Today we’d like to introduce you to Anthony Pabillano.
Every artist has a unique story. Can you briefly walk us through yours?
I was born in the Philippines and spent the former part of my childhood there, but moved and lived out the rest of my youth in Corpus Christi, Texas. Art has always been a part of me as far as I could remember, becoming an avid student of it throughout high school. I intended to pursue an artistic endeavor in college, however, as we are all aware, life takes us to surprising places, and right on cue, I ended up earning undergraduate and graduate degrees in accounting and now I am a practicing accountant. For years since, I had all but given up on art, but when I began drawing and painting again in 2016, I found a renewed vigor in the creative process, and my life took on completely new meaning and purpose.
Please tell us about your art.
Though I create works of art in traditional media (such as graphite, charcoal, colored pencils, pastels, and acrylic paints) and nontraditional media (such as Microsoft PowerPoint and Excel), the medium that I prefer the most is paper. My love of paper as a medium began in high school when my art teacher assigned a Henri Matisse-inspired cut-out art project and when I used wallpaper scraps to create a replica of Madonna and child. These two undertakings—cutting blocks of paper in organic and geometric forms per the Matisse project, and cutting into paper to convey the contour lines of the Madonna-and-child image—form the foundation of the style of paper art that I developed back in 2010. My method of conveying the three-dimensionality of form involves cutting blocks of paper and layering them, with the layers of paper in gradations of color that are in turn cut in such a way that follow the contours of the different values on the form.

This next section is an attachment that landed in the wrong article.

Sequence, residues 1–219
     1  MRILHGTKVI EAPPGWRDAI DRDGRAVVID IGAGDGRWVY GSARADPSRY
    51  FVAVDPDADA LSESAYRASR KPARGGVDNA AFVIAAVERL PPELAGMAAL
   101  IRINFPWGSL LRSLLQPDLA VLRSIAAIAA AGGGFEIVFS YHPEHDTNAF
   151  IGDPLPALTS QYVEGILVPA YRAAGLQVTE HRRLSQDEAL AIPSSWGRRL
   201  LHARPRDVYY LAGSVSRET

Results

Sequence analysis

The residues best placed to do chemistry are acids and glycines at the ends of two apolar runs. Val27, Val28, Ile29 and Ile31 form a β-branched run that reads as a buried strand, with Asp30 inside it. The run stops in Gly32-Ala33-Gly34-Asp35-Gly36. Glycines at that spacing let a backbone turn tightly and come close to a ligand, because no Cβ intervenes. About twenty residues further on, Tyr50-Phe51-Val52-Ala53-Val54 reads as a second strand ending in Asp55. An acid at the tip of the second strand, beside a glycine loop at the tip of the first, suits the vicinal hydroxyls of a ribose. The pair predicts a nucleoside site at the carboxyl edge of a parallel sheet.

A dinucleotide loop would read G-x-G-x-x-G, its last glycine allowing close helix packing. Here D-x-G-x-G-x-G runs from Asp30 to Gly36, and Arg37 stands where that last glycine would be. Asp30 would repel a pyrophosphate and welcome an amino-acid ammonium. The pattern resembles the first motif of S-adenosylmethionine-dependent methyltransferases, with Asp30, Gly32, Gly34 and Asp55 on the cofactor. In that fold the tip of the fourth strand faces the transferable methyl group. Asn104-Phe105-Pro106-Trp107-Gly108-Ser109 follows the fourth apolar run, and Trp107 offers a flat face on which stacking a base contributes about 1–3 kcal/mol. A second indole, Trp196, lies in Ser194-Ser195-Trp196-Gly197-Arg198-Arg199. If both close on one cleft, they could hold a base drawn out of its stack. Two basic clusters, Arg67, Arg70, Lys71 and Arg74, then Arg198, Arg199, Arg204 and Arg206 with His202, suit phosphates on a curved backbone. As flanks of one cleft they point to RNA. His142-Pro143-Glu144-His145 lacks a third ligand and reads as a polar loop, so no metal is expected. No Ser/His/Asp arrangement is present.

Ever since I learned to formally draw back in high school, I have always been intrigued by the human form. This fascination has led to my exploring various aspects of the human condition and experience through my portraiture work, from ideas relating to self and identity, to topics about diversity. My current artistic pursuit is to visually celebrate—or otherwise comment on issues related to—the diversity and the individual stories of the people I meet whose walks of life all led to the multiculturally-, multinationally-, and multi-ethnically-rich city of Houston, Texas—the place I now call home.
We often hear from artists that being an artist can be lonely. Any advice for those looking to connect with other artists?
The way that got me involved in the art community and enabled me to meet many fellow artists was by attending, participating, and volunteering at the various events, programs, and exhibitions that the Visual Arts Alliance (VAA) (http://visualartsalliance.org/) put together. VAA is an all-volunteer-run, non-profit organization, and giving my time to the organization has been a wonderful experience for me personally as an artist and as a general member of the community.
How or where can people see your work? How can people support your work?
I rent an art studio at Sabine Street Studios (1907 Sabine Street, Houston, TX 77007), Studio No. 148. Come by and visit! I am always there during Second Saturdays from 2 p.m. to 7 p.m. and all the special events at Sawyers Yards (e.g., Spring Biannual, Fall Biannual, and Summer Series).
- Address: Sabine Street Studios 1907 Sabine Street, Houston, TX 77007
Studio No. 148
- Website: http://www.anthonypabillano.com/
- Phone: (281) 410-1744
- Email: firstname.lastname@example.org
- Instagram: https://www.instagram.com/anthonypabillano/
- Facebook: https://www.facebook.com/AnthonyPabillanoArtist/
Personal Photo: Chase Sun
Artwork Images: Anthony Pabillano